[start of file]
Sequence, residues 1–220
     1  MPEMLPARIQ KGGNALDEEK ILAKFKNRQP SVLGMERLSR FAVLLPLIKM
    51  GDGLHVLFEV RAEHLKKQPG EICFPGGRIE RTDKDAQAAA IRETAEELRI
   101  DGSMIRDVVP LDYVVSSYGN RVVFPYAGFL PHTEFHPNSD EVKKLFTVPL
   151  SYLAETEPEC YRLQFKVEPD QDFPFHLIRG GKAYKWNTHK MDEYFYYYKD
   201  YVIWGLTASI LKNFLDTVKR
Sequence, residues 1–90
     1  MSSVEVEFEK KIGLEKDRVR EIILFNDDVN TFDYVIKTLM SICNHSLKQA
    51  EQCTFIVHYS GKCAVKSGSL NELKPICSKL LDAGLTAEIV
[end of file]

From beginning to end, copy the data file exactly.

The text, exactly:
Sequence, residues 1–220
     1  MPEMLPARIQ KGGNALDEEK ILAKFKNRQP SVLGMERLSR FAVLLPLIKM
    51  GDGLHVLFEV RAEHLKKQPG EICFPGGRIE RTDKDAQAAA IRETAEELRI
   101  DGSMIRDVVP LDYVVSSYGN RVVFPYAGFL PHTEFHPNSD EVKKLFTVPL
   151  SYLAETEPEC YRLQFKVEPD QDFPFHLIRG GKAYKWNTHK MDEYFYYYKD
   201  YVIWGLTASI LKNFLDTVKR
Sequence, residues 1–90
     1  MSSVEVEFEK KIGLEKDRVR EIILFNDDVN TFDYVIKTLM SICNHSLKQA
    51  EQCTFIVHYS GKCAVKSGSL NELKPICSKL LDAGLTAEIV